— Special report on both the R and the X models —

It looks like Honda has come out swinging with the announcement of two versions of its long-awaited Talon SxS. The 2019 Honda Talons will be priced comparably with other non turbo cars in the class. Prices will be released in January. They will both be powered by a 999cc, single-cam, dual-cylinder engine with four valves per cylinder and fuel injection. Horsepower is just over 100. The transmission is similar to what’s found on the Pioneer 1000 or Honda’s Africa Twin Adventure motorcycle with dual clutches and a six-speed gearbox with a high/low sub-transmission. The dual-range transmission basically gives it 12 speeds, which will be perfect for rock crawling, tight woods or open desert trails. Drivers will be able to shift using paddle shifters or let the machine do it automatically. The machines have different rear suspension systems and a wheelbase that is either slightly shorter or slightly longer than that of a 90-inch RZR XP.

At a glance, the difference between the Talon X and the R is that the X has the Talon claw logo on the door and machined wheels. The R has the Honda wing and black wheels.
Like the X, the Talon R only has half doors and full window nets. Honda already has sets of full aluminum doors to sell you at the dealership. Both models have a six-point roll cage.
You can tell that the cockpit is fairly roomy. In stock trim, it has wide seats that don’t come near touching each other.


This is the 64-inch-wide version meant to take on rocks or tighter woods trails. It has a three-link rear suspension with 15 inches of travel and dual A-arms up front with 14.6 inches of travel. Fox Podium three-position shocks are used on all four corners. This machine is 123.9 inches long, 64 inches wide and 75.3 inches tall with an 87-inch wheelbase. The X will be available in Pearl Red/Metallic Grey and Metallic Grey/Metallic Blue. The X has a curb weight of 1490 pounds.

The intake is snorkeled, and the air filter is super easy to access so maintenance won’t be a chore like it is on some competitive models.
A full-coverage plastic skid plate is found under the Talon. The 15-inch wheels should prevent small rocks from getting kicked up by the front tires and lodged between the calipers and rear wheel as happens on other brand machines.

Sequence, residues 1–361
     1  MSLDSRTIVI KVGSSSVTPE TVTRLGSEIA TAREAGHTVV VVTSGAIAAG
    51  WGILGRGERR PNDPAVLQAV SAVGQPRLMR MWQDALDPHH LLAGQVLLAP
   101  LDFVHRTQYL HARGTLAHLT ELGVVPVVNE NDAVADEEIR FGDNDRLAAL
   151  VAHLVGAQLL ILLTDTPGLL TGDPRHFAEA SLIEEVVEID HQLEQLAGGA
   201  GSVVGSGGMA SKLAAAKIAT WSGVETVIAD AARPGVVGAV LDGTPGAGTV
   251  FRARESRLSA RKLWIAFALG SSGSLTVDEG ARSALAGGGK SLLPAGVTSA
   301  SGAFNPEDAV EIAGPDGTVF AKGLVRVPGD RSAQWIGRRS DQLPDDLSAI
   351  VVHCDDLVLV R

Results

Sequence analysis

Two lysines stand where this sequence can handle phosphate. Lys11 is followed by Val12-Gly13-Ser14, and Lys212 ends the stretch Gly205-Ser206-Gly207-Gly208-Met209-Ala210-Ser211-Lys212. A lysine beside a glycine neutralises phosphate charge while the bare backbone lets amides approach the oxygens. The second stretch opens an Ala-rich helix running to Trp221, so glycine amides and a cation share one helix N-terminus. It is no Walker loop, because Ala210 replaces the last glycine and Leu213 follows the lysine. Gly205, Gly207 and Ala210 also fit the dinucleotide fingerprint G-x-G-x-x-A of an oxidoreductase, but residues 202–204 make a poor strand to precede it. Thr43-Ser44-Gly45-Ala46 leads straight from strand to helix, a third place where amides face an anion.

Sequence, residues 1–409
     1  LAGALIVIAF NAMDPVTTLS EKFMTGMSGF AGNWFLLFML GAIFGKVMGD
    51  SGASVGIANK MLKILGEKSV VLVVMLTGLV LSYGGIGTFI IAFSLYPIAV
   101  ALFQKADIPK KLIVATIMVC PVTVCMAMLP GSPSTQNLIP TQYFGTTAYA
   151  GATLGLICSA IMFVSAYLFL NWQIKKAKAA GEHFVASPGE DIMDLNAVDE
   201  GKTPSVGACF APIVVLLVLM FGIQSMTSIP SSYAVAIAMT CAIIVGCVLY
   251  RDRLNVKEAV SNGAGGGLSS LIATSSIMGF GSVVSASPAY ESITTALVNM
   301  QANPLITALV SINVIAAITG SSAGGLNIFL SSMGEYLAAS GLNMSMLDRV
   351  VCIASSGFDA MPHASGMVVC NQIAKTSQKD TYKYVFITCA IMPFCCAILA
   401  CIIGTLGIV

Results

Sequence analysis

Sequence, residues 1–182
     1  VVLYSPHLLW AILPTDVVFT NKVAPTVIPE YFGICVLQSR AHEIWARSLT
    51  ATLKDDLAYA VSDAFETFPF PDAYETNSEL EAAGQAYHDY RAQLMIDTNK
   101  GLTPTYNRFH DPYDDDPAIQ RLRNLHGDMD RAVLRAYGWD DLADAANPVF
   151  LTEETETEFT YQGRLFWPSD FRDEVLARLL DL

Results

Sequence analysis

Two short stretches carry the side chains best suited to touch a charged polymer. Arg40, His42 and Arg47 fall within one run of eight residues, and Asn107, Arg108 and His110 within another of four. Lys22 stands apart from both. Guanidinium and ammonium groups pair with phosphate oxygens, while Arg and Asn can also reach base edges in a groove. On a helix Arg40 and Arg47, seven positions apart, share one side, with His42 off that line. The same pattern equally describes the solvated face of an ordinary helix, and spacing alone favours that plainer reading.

The 28×15 inch tires are standard on both models. The engineers tell us that they have tested up to a 30-inch tire, and it works without gearing changes or clearance issues.


Honda’s version of long travel brings the Talon to 68.4 inches wide and gives it 17.7 inches of front suspension and 20 inches of rear suspension, which is comparable to a RZR XP. The rear suspension is a stronger four-link design, and all four shocks are Fox Podiums with QS3 adjusters. The R will be available in Pearl Red and Pearl Green. The R has a curb weight of 1545 pounds.

At 64 inches wide, the X is not narrow by any means. It will, however, fit on the tighter trails back east, as most of them have been widened over the years by people in RZRs and YXZ1000Rs.
The X model is .3 inches lower than the R both in the overall measurement and ground clearance. Wheel travel is also reduced by 3 inches in the front and 5 inches in the rear.
The two Talon models differ by width and length. The wheelbase on the R model at 92.7 inches (shown) is 5 inches longer than the X.


Both machines will use the same 28×9-15 front and 28×11-15 rear tires. Unfortunately, the wheels have a very different offset front and rear, so wheel companies will have to build accordingly. The gas tank is rather small at 7.3 gallons, but, on the positive side, in our testing of the Pioneer 1000, it gets much better gas mileage than most machines like it. Full window nets are standard equipment. The rear cargo-bed capacity is rated at 299 pounds. There is no turbo or four-seat option available as of now.